enterprisesecuritymag

To MSSP or Not?

By Rizwan Jan, Vice President, Chief Information Officer, The Henry M. Jackson Foundation for the Advancement of Military Medicine

Rizwan Jan, Vice President, Chief Information Officer, The Henry M. Jackson Foundation for the Advancement of Military Medicine

There are two types of companies: Those who have been breached and those that will be breached. Given that reality, your organization needs to partner with a reputable Managed Security Services Provider or MSSP. Leveraging a MSSP can help you rapidly mature your security capabilities in the face of increasingly sophisticated threat actors and limited resources. MSSPs are especially useful because they enable you to outsource one or all of your cyber security components (e.g. network security, access control, risk assessments, vulnerability/pen testing, incident response retainer, compliance, etc.) in an era where recruiting security professionals itself presents a challenge and where cybersecurity solutions must be customized to address the needs of your organization.

An experienced MSSP can identify, mitigate, remediate, and eradicate any threat actor in your environment and advise you on how best to avoid reputational and financial harm. Additional benefits include cost savings (the average salary of a security professional can well exceed 100,000 dollars in today’s market), the ability to efficiently and quickly augment in-house security staff with external skilled professionals, access to the latest technology hardware and security solutions, broader knowledge of security risks, and proactive round-the-clock alert monitoring.

Equally important, utilizing an effective MSSP can raise executive level awareness on the importance of security and prioritizing it as a core business function. I recently had my organization’s MSSP do a table-top exercise with our C-suite where we simulated cyber-attack scenarios. The exercise was an eye-opening experience for many of the executives who previously considered security an afterthought. However, when shown the ramifications even one attack could have on our operations, my colleagues quickly realized that all of our other business priorities depend first and foremost on security. An insecure environment risks all other business priorities, including brand protection and client retention.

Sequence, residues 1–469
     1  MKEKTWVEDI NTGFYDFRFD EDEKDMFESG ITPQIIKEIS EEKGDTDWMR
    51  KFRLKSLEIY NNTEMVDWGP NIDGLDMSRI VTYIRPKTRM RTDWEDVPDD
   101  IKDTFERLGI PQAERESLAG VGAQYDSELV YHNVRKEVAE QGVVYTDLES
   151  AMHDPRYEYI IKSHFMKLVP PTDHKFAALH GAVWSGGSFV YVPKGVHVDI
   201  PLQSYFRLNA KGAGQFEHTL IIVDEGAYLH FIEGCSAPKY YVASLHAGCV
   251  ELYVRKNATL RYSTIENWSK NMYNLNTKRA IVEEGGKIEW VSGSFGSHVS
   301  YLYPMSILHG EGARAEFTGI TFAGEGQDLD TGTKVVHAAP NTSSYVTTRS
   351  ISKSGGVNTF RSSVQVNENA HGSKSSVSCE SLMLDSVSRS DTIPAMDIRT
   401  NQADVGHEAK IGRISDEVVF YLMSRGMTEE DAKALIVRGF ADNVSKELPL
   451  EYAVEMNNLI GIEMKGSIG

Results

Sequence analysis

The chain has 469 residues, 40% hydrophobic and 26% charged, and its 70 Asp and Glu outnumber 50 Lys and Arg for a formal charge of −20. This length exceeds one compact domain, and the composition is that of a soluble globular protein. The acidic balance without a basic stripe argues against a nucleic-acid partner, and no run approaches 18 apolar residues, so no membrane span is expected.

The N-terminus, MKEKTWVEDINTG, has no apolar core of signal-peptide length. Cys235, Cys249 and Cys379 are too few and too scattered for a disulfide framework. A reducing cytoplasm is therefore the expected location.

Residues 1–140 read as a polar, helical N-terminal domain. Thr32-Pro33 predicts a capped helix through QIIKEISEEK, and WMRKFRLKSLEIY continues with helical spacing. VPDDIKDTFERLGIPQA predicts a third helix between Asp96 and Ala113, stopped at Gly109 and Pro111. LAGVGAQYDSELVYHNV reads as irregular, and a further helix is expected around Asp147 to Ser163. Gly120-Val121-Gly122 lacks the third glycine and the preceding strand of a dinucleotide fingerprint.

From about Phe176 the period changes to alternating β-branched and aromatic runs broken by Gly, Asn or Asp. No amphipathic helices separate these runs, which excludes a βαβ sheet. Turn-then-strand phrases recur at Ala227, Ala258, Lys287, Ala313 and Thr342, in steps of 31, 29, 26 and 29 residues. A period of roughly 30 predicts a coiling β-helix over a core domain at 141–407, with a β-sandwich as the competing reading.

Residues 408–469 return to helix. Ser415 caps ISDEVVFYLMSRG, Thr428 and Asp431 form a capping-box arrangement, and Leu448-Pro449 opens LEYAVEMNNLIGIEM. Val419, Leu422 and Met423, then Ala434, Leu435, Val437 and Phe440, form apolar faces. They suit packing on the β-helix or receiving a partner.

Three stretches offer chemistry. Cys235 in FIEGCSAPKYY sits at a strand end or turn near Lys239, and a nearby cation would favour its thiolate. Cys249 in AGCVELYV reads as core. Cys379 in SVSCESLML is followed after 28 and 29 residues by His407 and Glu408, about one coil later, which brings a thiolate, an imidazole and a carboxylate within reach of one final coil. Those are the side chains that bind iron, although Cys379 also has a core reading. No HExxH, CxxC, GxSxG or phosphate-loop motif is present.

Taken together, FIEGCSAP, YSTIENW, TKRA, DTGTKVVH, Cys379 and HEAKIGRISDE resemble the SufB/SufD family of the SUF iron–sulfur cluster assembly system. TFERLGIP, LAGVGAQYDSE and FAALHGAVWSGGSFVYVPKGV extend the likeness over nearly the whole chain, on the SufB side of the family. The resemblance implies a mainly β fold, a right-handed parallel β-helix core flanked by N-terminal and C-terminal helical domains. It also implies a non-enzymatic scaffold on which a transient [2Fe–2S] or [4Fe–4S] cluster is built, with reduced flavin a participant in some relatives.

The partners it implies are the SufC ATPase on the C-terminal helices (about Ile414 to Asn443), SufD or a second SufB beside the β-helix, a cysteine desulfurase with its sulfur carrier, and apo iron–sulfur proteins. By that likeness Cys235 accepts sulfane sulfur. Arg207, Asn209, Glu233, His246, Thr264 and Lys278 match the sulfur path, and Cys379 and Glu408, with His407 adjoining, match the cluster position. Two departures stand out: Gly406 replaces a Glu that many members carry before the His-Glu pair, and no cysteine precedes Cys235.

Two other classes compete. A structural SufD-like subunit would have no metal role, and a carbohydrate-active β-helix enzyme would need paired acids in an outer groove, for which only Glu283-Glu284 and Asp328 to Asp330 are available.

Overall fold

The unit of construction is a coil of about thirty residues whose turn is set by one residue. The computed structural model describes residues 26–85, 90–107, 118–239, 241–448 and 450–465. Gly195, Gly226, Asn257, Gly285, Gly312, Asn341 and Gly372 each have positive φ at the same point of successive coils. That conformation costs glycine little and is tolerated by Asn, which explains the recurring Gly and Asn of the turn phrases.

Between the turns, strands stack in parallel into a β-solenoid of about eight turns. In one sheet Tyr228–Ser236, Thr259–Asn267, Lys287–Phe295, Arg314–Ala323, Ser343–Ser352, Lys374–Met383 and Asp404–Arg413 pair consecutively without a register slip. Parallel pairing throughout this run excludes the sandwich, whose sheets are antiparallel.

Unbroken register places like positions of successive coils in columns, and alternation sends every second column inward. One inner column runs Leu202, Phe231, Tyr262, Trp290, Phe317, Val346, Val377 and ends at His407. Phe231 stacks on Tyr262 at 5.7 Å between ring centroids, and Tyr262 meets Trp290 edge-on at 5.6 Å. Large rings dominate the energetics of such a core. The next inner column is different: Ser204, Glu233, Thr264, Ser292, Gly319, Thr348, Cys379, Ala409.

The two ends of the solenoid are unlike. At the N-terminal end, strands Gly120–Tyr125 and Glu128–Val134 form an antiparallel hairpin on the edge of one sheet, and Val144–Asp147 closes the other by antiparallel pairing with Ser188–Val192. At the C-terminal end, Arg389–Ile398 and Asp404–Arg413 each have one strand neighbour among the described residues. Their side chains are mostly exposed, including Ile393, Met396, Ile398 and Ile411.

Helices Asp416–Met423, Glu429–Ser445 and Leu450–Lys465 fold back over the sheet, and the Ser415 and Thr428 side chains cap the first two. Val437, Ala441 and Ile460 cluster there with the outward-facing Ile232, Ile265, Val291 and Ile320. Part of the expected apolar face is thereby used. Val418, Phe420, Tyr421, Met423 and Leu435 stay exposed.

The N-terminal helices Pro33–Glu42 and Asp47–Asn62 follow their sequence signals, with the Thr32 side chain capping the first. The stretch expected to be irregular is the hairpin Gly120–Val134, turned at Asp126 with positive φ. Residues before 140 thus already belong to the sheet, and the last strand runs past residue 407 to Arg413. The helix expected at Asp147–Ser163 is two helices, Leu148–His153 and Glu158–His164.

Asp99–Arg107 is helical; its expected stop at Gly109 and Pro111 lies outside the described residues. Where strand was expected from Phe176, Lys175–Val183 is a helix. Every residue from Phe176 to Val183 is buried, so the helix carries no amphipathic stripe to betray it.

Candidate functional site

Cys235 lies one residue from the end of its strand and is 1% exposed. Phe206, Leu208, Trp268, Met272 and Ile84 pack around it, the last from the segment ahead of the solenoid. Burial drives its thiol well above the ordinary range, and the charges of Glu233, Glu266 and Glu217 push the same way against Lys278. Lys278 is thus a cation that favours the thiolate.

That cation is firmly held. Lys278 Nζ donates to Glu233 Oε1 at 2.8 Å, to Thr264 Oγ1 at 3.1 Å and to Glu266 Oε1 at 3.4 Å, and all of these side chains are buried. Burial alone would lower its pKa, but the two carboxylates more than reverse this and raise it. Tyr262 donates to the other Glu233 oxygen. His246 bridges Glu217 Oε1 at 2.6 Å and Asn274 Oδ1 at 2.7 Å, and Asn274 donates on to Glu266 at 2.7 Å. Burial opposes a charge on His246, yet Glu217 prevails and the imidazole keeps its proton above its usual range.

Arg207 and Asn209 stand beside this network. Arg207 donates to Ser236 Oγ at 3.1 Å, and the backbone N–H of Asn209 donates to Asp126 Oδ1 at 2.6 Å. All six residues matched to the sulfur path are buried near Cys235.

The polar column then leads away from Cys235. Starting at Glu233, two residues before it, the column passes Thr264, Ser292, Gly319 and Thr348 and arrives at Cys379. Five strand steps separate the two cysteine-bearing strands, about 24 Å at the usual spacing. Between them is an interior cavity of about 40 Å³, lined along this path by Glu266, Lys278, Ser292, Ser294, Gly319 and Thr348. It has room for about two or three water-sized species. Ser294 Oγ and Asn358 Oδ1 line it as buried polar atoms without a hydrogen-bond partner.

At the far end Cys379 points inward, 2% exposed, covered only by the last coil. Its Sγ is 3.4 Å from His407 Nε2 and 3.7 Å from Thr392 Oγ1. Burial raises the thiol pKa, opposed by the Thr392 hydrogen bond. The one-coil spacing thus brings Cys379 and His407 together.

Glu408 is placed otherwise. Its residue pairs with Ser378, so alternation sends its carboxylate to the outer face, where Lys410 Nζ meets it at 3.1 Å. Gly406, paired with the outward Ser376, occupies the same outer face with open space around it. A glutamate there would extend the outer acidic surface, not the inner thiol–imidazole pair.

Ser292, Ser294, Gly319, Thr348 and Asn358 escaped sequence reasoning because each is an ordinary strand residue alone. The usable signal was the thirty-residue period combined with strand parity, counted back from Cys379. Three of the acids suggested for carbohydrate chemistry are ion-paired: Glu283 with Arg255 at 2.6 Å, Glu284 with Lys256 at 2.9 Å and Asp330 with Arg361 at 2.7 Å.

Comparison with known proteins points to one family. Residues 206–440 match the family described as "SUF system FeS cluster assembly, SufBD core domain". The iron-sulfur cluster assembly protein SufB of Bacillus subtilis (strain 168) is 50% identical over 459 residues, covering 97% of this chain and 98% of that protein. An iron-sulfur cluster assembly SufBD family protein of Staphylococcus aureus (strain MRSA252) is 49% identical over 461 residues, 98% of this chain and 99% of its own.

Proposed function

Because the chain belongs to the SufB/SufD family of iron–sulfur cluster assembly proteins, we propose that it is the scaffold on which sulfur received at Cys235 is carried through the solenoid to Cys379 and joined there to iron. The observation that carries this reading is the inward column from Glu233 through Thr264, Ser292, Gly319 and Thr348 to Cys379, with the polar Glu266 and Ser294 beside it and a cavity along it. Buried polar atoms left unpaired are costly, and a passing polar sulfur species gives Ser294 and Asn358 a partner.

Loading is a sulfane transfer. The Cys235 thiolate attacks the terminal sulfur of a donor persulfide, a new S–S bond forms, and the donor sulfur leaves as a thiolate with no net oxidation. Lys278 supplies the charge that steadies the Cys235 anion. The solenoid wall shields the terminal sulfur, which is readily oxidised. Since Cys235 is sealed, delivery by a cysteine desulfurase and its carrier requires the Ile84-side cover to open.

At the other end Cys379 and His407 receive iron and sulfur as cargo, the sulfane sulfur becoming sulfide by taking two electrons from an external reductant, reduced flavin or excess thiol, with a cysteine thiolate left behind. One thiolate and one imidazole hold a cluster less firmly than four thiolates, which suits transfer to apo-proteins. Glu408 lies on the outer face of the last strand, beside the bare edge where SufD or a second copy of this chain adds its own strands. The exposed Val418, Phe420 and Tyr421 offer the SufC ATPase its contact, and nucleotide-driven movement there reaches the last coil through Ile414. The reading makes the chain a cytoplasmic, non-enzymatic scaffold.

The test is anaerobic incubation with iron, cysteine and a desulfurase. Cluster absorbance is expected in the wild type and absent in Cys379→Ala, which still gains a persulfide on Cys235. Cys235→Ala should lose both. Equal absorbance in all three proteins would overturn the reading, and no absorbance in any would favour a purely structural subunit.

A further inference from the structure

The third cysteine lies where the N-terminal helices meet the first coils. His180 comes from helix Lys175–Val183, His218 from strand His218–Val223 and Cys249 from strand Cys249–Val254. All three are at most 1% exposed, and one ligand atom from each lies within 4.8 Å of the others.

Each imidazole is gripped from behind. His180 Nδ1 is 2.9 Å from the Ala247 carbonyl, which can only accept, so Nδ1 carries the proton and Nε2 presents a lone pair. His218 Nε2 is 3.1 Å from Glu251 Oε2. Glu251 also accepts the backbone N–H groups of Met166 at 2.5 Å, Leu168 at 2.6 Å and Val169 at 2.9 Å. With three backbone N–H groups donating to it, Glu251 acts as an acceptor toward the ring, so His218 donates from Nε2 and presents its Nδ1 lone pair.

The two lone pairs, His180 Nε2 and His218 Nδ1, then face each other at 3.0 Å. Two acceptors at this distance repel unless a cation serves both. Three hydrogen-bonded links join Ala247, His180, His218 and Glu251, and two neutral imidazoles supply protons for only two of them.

However, utilizing an MSSP is not without risk. The most obvious risk of using MSSPs is that reliance on an external party necessarily increases your exposure to external threats as your data is not contained in-house. Additional risks include possible cross-contamination of data, the disconnect from in-house monitoring, and the fact that your organization’s exposure to a third party makes it a more desirable target for threat actors.

However, these risks are mitigated if you vet your MSSP properly. Some considerations you should undertake when selecting a MSSP are the following: the MSSP’s industry reputation (e.g. look to your Information Sharing Analysis Center for referrals), scalability, geographic proximity to your organization, and response time (e.g. boots on the ground).

Despite the highlighted risks, I remain a firm believer in the use of MSSPs particularly in instances where internal resources are insufficient. In a landscape of ever-evolving and increasingly sophisticated threat actors, it is vital to elevate your response to include more than what your in-house professionals are doing. I liken the use of an MSSP to the advice my stock-broker routinely gives me: Diversify. The more diversity in your security tools, the better your odds of defending against your adversary. After all, a threat actor only has to be right once to do your organization serious damage; Your team of security professionals, on the other hand, must be right 100 percent of the time. All the time.

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